Athens<stelIa@ac@i.gr>The latest discoveries in Cyprus over the past severalyears not only prove that the dates from the island gofurther back than previously believed, but they alsoemphasize the importance of the Mediterranean islandsin ideological terms to peoples on the mainland. It isnow confirmed that a phase contemporaneous to thePPNA took place in Cyprus, even though it seems to bemore primitive than the Syro-Palestinian version, and amore recent phase, evident in the sites of Shillourokambos(Guilaine and Briois 200 1) and Milouthkia (Peltenburg2003), corresponds to an early stage of the PPNB.Furthermore, impressive discoveries about the EarlyHolocene took place not only in Cyprus, but also in theAegean during the1990s, and they have yielded newevidence that superseded long-held views about the totalabsence of inhabitants on the islands. New informationverifies that the Aegean islands were not only inhabitedin pre-Neolithic times (Woodman 1990), but they alsoconstituted
even though bare today
omplete ecosys-tems that could provide for adequate nutrition.More specifically, two research programs that wereinitiated simultaneously in the early 1990s yielded the
new information on the Aegean area; the first was under-taken at the Cyclops Cave on Youra Island in the NorthSporades in the northern Aegean, and the second on theCycladic island of Kythnos.In the Cyclops Cave (Sampson 1998; Sampson et
1998) consecutive undisturbed layers of habitation fromthe Early Holocene were unearthed, up to approximate-ly 3 m in thickness, under Neolithic deposits. The lithictypes comprise flakes, crescents and trapezoidalmicroliths from flint and obsidian. Of special interest isa collection of bone fish hooks. Finally, the food rem-nants contain plenty of shells and fish remains, bones ofbirds and wild animals, as well as suids and caprineswith signs of early domestication (Trantalidou 2003).What is assumed from the overall study is that the cavewas used by a small group of active people with advancedknowledge in seafaring. As the marine environment ofthe islands in the region is in the centre of the Aegean,and this would necessarily mean deep waters, difficult searoutes and rough weather, despite the lower sea level atthe time. These people had probably developed an exten-sive range of contacts in the area, as observed in theirfamiliarity to the networks of obsidian transportationand know-how from Milos Island, and the typologicalaffinities between the Youra microliths and similar toolsfrom caves in southeastern Turkey (Yalcinkaya 1995;Sampson et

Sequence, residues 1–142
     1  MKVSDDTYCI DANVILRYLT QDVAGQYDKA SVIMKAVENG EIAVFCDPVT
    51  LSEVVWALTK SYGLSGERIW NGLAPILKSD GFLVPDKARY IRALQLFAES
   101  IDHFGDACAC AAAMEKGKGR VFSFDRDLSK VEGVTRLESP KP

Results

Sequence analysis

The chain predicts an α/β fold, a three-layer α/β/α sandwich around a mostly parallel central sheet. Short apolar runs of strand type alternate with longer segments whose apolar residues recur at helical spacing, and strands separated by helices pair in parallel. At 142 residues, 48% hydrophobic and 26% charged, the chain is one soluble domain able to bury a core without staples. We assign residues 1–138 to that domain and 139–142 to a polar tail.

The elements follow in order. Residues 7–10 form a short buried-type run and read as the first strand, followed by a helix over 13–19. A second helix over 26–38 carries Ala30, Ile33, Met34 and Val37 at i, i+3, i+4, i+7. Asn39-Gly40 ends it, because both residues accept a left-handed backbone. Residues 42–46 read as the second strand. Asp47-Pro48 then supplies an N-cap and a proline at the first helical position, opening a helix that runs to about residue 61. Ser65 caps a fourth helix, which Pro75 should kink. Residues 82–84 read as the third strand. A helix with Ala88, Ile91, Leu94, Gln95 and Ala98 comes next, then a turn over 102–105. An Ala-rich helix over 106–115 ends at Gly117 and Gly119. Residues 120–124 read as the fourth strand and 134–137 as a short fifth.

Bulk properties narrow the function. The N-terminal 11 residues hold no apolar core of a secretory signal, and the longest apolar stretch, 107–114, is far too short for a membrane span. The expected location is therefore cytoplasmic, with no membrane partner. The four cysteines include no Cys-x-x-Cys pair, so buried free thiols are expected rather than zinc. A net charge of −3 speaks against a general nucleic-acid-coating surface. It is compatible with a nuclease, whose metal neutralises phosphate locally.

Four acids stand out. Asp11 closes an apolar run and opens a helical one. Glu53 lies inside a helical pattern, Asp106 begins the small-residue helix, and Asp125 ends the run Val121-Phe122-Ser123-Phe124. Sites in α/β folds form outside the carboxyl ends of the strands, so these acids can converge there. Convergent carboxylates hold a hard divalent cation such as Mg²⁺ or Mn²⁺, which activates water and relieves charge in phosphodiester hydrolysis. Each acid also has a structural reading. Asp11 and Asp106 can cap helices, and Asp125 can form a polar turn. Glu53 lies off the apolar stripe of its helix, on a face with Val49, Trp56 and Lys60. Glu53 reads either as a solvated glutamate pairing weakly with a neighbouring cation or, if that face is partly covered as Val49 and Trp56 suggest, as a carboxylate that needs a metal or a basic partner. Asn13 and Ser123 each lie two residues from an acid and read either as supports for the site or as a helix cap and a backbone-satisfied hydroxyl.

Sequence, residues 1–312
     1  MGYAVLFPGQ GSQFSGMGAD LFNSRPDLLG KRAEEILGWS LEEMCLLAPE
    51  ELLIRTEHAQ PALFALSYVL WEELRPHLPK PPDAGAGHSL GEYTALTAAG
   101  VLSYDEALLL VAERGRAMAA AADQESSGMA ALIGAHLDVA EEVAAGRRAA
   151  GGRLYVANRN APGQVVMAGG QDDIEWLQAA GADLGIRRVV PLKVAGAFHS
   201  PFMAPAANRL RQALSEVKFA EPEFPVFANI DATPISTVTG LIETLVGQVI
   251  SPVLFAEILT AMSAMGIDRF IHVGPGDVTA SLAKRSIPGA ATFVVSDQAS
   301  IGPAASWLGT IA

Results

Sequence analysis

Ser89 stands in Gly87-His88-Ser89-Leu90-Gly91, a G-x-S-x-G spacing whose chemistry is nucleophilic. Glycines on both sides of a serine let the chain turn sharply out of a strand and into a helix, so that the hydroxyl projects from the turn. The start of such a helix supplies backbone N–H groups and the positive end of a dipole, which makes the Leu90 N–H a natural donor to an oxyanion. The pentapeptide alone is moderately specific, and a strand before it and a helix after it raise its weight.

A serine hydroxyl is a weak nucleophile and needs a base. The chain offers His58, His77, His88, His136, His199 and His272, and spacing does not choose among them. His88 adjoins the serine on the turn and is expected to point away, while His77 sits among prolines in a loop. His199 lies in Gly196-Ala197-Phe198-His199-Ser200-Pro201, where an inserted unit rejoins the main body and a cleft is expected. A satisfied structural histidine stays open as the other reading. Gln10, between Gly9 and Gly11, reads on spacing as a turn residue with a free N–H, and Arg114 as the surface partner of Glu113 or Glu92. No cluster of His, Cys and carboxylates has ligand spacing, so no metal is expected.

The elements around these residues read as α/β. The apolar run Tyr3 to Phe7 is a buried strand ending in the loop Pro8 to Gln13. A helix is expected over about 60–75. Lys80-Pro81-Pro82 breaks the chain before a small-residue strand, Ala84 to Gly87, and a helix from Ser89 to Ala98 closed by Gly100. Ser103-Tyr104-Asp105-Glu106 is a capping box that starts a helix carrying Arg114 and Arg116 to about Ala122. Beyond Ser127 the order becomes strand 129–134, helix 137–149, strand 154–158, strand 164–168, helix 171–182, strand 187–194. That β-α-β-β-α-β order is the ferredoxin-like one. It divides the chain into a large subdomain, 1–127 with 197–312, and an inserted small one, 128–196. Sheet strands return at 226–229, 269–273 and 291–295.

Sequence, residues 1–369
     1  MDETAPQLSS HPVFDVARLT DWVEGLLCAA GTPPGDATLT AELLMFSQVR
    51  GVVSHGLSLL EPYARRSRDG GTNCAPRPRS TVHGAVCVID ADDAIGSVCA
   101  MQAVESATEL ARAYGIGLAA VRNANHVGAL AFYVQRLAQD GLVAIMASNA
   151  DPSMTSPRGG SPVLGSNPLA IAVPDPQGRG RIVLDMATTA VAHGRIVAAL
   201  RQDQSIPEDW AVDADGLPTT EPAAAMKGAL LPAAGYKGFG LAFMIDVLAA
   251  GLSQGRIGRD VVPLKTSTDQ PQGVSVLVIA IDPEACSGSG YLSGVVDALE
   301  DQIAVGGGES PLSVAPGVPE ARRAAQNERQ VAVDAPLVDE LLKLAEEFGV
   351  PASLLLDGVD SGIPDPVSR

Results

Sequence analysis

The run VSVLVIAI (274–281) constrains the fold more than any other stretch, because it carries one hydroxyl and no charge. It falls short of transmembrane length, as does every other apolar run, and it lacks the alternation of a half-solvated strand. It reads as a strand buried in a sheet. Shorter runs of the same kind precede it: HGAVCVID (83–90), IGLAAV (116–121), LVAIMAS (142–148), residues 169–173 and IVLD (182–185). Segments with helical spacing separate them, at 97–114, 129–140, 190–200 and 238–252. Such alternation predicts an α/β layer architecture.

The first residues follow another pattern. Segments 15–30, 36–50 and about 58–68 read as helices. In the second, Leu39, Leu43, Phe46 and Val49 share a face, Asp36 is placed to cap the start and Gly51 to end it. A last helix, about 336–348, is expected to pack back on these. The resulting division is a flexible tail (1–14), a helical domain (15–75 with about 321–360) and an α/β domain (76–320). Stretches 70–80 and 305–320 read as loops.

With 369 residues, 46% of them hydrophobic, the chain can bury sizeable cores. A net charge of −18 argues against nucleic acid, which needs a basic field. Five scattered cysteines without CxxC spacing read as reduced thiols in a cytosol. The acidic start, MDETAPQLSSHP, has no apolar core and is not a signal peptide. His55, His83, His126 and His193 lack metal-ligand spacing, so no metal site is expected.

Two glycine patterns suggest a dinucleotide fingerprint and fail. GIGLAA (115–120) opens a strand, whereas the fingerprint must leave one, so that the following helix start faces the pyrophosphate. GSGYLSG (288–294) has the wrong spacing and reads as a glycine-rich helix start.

1998). The association of this group ofpeople to the Asia Minor side of the Aegean is of par-ticular importance, due to the observation that the inhab-itants of Youra, although partly based on fishing andhunting as a means of obtaining nutrition, were alreadyinvolved in domesticating pigs and caprines. This prac-tice was most likely carried out either in a pre-coloniz-ing stage or through contacts with inhabitants of the AsiaMinor coast while people still lived on Youra.Human presence on Youra covers a long period of theHolocene, from the beginning of 9th millennium cal BCuntil the middle of 7th millennium cal. BC and typo-logically belongs to the Mesolithic. Nevertheless, thecharacteristic of early domestication on Youra, alreadypresent in the lower layers, adds a pre-ceramic charac-ter to the site and thus could place it as a marginal pointin the spheres of PPNA and PPNB, which chiefly pertainto the areas of Upper Euphrates and Syro-Palestine.Cyprus, thus, enlarges the area geographically, and theAegean even more, even though the gap created by theabsence of analogous sites in western Anatolia has notbeen bridged so far.Within this area, Youra offers a number of similaritiesto the nuclear zone (Upper Euphrates and Syro-Palestine),despite the geographical distance and the differencesbetween them regarding the complexity of symbolismin Asian sites and the periphery (Cyprus). Concerningthe nuclear zone, the presence of early domesticatedsuids at Youra shares common features with the con-temporary pig sites in the Upper Euphrates area in thefrontiers between Turkey and Syria, such asHallan Cemi(Vigne and Buitenhuis 1999), where pigs